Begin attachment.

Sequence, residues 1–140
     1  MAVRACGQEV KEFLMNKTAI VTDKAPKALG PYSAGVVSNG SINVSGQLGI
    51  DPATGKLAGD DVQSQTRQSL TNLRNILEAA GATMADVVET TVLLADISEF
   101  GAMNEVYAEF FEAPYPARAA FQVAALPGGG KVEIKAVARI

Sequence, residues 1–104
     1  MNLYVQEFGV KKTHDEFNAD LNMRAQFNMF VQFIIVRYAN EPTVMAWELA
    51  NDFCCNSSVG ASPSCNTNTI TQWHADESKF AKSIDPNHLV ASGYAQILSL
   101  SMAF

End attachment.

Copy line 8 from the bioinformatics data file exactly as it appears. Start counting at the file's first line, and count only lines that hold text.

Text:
   101  SMAF